‘Tropical Sunday’ Director Fabián Ribezzo on Maputo's Street Children: TheWrap's ShortList Quickie

The festival finalist from Argentina tells TheWrap about what inspired his award-winning short film and how he made it

“A Tropical Sunday,” one of 12 finalists in TheWrap‘s 2014 ShortList Film Festival, reflects a very grim reality: Not every child grows up in a loving home.

In the case of the characters in Argentinian director Fabián Ribezzo's short film (above), their home is often the streets — an environment which inspired him to write and direct a tale about four Mozambican children struggling to enjoy carnival attractions that more privileged kids in their village ride with ease.

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“Street kids are visible, they have occupied the public space and they share it with us. They cross boundaries when they defy the dependency model by looking for autonomy and independence,” Ribezzo told TheWrap. “They challenge our idea that childhood is synonymous with domesticity. I was astonished to see their tremendous creativity in making a living for themselves in very tough conditions.”

“Tropical Sunday,” the winner of the Best Drama award at the 2014 Aspen Shortsfest, is competing for the ShortList Film Festival's YouTube Audience Prize (vote for your favorite here) and EPIX Industry Prize, which will be announced on Aug. 28.

Ribezzo spoke with TheWrap about his film ahead of the festival ceremony. Read the Q&A below:

TheWrap: Congratulations, how does it feel to be among the twelve finalist in TheWrap's ShortList Film Fest?
Fabián Ribezzo:
A movie without an audience doesn't exist, so every possibility to show it is a gift and theWrap's ShortList Film Fest is offering to “A Tropical Sunday” a worldwide audience! This is exciting. 

How did you come up with the concept for your short?
After 10 years spent in Mozambique, making educational films to show in the Mozambican villages, I came across several different realities and among those that struck me the most there was the life of the kids populating the streets of Maputo. I was astonished to see their tremendous creativity in making a living for themselves in very tough conditions. I decided to make an independent movie in order to offer an original and realistic point of view, avoiding cynicism or pitifulness, but looking at things through warm and human lenses.

How was your film made and where was it created?
The right to play is article  31 in the Convention on the Rights of the Child, this makes it a right for all children without discrimination or exclusion. This basic right was central while I made the story for “A Tropical Sunday.” A few casting calls were set up in the bairros (neighbourhoods) of Maputo where we found, among 200 kids, the four main characters. Then, we rented the “Tropical Luna Park” of Maputo and shot the film in four days.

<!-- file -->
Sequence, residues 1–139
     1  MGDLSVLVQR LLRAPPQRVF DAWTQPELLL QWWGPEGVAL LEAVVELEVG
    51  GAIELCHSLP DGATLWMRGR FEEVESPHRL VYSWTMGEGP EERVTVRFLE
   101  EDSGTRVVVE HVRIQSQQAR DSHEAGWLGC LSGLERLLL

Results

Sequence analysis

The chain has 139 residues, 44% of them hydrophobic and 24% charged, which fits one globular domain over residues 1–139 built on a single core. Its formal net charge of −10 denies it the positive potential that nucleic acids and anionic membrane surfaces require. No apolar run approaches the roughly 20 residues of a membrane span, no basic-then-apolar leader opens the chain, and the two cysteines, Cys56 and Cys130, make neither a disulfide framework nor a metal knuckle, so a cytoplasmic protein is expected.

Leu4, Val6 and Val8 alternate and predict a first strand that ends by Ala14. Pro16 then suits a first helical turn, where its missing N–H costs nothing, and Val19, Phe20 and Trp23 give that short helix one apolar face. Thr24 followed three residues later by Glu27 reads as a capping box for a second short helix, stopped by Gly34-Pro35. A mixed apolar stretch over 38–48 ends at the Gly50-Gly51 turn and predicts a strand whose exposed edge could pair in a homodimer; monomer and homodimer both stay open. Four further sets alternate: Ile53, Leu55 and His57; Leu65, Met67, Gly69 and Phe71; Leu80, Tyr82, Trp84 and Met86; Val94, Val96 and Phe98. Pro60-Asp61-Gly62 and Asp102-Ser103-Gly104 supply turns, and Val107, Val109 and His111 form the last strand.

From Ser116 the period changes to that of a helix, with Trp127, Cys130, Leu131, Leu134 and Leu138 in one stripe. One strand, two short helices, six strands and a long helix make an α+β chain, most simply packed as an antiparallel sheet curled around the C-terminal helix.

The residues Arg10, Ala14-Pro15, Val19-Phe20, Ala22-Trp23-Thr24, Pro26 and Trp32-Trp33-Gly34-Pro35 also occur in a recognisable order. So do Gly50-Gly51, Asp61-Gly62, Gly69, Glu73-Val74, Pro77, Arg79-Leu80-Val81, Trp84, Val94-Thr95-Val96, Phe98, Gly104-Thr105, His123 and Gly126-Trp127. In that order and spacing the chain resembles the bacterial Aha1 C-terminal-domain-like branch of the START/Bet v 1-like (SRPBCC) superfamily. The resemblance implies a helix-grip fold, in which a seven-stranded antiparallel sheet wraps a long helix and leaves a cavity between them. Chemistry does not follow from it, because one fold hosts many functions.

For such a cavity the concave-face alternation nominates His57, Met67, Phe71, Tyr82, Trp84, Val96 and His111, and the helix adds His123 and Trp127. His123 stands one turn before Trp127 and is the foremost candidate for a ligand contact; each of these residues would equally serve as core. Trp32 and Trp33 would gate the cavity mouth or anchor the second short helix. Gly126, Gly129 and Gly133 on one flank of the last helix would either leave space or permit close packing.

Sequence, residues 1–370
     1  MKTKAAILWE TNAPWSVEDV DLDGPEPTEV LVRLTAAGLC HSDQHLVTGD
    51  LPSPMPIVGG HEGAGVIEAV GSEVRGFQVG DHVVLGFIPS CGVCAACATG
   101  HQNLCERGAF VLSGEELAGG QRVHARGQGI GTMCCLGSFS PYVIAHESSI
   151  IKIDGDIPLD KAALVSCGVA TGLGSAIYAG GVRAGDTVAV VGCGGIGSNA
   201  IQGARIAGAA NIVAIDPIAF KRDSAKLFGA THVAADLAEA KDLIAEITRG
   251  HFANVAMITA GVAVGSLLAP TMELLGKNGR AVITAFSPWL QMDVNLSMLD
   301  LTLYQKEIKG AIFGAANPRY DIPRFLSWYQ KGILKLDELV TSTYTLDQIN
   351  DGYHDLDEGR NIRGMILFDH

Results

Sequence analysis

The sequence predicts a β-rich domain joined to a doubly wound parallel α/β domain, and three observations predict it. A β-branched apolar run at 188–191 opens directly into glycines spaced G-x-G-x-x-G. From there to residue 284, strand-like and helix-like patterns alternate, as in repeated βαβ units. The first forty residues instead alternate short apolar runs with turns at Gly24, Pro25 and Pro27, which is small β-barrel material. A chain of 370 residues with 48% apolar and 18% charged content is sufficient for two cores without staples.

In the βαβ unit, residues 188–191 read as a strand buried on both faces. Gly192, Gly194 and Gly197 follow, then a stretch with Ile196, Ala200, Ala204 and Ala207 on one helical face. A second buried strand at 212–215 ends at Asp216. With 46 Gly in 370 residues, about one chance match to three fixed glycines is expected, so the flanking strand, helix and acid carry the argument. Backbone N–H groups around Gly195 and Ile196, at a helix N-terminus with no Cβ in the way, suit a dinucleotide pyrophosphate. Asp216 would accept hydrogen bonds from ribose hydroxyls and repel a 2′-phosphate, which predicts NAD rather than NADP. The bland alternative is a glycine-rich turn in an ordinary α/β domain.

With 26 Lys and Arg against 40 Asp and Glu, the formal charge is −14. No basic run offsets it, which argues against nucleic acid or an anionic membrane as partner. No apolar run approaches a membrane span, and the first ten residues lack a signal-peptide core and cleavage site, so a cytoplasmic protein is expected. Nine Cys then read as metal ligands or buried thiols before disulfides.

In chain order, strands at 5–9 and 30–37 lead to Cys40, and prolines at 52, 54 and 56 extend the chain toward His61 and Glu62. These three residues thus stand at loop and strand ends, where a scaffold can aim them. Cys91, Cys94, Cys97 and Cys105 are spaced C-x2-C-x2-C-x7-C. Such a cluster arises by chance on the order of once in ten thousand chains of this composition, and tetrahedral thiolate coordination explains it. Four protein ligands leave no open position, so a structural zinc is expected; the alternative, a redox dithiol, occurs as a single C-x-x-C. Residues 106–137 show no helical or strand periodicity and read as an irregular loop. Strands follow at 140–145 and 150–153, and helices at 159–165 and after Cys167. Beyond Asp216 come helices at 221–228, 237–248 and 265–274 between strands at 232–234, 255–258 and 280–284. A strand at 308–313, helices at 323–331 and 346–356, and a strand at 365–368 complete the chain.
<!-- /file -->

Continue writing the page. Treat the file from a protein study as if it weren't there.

Also read: TheWrap Announces 12 Finalists for 2014 ShortList Film Festival

Who else worked with you on making the film?
Maputo offers a small community of technicians and collaborators, most of them are friends. The photography director Pipas Forjaz, with his Red Epic camera, was the only one who worked for free, helping us to reduce the budget. Berry Bickle, a Zimbabwean artist, made the Art Direction, Louggi Junior, Mozambican stylist, made the Costume Design, the actor Diaz Santana was my first assistant and Humberto Notiço, from AMOCINE (Mozambican Filmmakers Association) was my second assistant. For the music I always collaborate in Mozambique with “Positivo Moçambique” a group of very talented musicians. The Michael Jackson's song was specially composed for the film.

Do you plan to expand the short?
No, this is a short story, expand it would be unnatural.

How much did it cost to make the film and how was it funded?
We spent $45,000, not including those who worked for free (the photography director, the producer and myself). 60% of the budget came from the producer Silvia Bottone and myself. We funded the rest with a Kapipal campaign, through which our friends, most of them working in humanitarian projects, supported us.

What will you do with your $5,000, should you win either our industry or audience prize.
We are still spending money promoting the film, so $5,000 can help us in this way.

If you win the industry prize, what will you offer at your pitch meeting with a studio?
At the moment I'm working on a screenplay about greed.